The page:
Clarke wrestlers Jessica Guerrero and Metzli Yañez will have to wait another year to wrestle in their first appearance at the girls state tournament, but that doesn’t mean the two – and many others like them – haven’t been waiting for their chance.
Not only would the state tournament be a first for both wrestlers, but it also potentially could represent the first time Yañez will have faced another girl in competition.
“It was going to be my first time wrestling a girl. I didn’t have an opportunity to do that either in middle school or in my freshman year,” said Yañez.
Guerrero and Yañez are both freshmen at Clarke Community High School, but each spent at least a year in the middle school ranks before stepping onto the mat at the high school level.
Guerrero is in her third year grappling on the mat while Yañez in competing in her second.
The first girls state tournament in Iowa was held Jan. 19 at Waverly-Shell Rock High School, but poor weather kept the two from being able to make the trip to the inaugural event.
“Oh yeah, I cried. They made an event page on Facebook so I was getting notifications on it how everyone was doing,“ said Guerrero. “I was just upset at home in the cold.”
The girls state tournament was presented by the Iowa Wrestling Coaches and Officials Association, featuring 10 weight classes that ranged from 106 to 285 pounds.
According to the IWCOA, 157 girls participated in wrestling across the state up from 93 a season ago. A total of 87 female wrestlers participated in the inaugural event.
Even though they missed the tournament this year, the goal for next year is the same as it would have been for this season – to compete.
“It’s a really big goal. Ever since I heard that we we’re going to go I’ve been working my butt off at practice,” said Guerrero. “This is what I’m working for is to get first at state and so I wasn’t able to go this year, but next year that’s going to be my main goal, to do well.”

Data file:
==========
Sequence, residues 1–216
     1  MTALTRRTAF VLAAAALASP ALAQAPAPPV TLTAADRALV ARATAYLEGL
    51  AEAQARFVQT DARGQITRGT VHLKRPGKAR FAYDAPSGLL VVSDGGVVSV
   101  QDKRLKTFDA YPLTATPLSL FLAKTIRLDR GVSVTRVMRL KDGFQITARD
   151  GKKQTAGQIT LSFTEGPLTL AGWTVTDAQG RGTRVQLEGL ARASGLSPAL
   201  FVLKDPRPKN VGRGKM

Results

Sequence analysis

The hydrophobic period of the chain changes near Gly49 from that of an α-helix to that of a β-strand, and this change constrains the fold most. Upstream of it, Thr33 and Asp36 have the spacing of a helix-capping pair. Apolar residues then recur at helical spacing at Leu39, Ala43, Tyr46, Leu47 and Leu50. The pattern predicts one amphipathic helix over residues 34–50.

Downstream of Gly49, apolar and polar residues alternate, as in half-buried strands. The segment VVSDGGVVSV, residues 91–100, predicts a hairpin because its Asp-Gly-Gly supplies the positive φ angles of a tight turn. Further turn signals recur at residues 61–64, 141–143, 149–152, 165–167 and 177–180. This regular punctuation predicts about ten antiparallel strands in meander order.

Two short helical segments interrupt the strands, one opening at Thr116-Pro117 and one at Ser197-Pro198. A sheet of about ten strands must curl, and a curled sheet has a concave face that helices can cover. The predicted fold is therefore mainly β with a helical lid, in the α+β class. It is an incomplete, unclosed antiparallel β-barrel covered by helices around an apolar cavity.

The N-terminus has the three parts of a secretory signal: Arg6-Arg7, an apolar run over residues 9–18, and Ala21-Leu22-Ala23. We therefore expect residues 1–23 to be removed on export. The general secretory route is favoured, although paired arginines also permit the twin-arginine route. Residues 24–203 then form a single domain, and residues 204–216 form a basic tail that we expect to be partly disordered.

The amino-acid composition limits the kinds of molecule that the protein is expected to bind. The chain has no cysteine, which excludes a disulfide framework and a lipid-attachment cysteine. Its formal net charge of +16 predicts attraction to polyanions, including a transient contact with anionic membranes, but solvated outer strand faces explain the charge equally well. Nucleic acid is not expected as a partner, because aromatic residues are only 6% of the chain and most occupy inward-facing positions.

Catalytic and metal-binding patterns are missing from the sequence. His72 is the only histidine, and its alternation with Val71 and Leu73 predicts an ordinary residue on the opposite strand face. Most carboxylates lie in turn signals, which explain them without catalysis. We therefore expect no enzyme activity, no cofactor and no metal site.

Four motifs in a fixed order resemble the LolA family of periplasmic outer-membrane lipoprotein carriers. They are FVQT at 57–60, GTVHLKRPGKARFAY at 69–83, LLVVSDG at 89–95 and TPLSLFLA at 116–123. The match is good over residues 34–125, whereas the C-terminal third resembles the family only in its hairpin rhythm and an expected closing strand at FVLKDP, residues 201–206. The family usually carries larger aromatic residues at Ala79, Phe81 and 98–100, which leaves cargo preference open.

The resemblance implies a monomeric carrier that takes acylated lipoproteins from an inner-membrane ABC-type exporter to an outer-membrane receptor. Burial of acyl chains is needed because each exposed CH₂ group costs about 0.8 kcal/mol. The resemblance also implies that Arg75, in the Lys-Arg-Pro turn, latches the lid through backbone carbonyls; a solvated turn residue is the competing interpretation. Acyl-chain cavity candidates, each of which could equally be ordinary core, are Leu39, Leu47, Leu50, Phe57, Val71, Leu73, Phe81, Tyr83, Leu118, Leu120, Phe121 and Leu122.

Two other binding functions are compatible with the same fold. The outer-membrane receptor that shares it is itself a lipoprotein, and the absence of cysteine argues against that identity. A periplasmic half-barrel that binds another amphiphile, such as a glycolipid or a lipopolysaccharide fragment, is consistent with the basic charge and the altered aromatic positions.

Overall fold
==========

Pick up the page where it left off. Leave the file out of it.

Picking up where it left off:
Evening out the playing field and competing against other female wrestlers is something both Lady Indians think will encourage more participation in the sport and bring a level of equality that’s been long awaited.
“My brother was in wrestling too so we came out together cause I didn’t like any of the other sports …. Everything came together and I joined,” said Yañez.
Guerrero was originally going to be a manager at the middle school level, but an extra push from a friend brought her directly into the circle.
“She was like ‘wouldn’t it be cool if we did wrestling?’ ‘Like haha that’s really funny’ then I don’t know it was like an impulse thing and I just signed up,” Guerrero said.
The addition of the tournament wasn’t a small deal for the two freshmen, who were both inspired by the new opportunity.
For Clarke wrestling head coach Brian Reece, the girls state tournament has been long overdue.
“For them to have something to aspire to is a big deal. You can tell when our girls actually wrestle other girls its a completely different situation for them than when they have to wrestle guys,” said Reece.
With the number of girl wrestlers in middle school continuing to grow, Reece wants to see the up-and-coming wrestlers with their own goals to push for.
As someone who has been around the sport since an early age, Reece knows the life lessons of wrestling are valuable to anyone who can participate.
Both wrestlers and their head coach believe they would be more turnout for the sport if the girls state tournament had been around earlier.
“Oh I think so, absolutely,” said Reece. “Even back to when I was wrestling we had girls wrestling in Mat Club. There was just no place for them to go.”
“I think just them knowing there are things out there that they can wrestle girls I think they’re going to be more encouraged to join,” Yañez said.
For now, Yañez and Guerrero will continue working on their technique and pushing themselves to make sure they take full advantage of a long awaited opportunity at next year’s state tournament.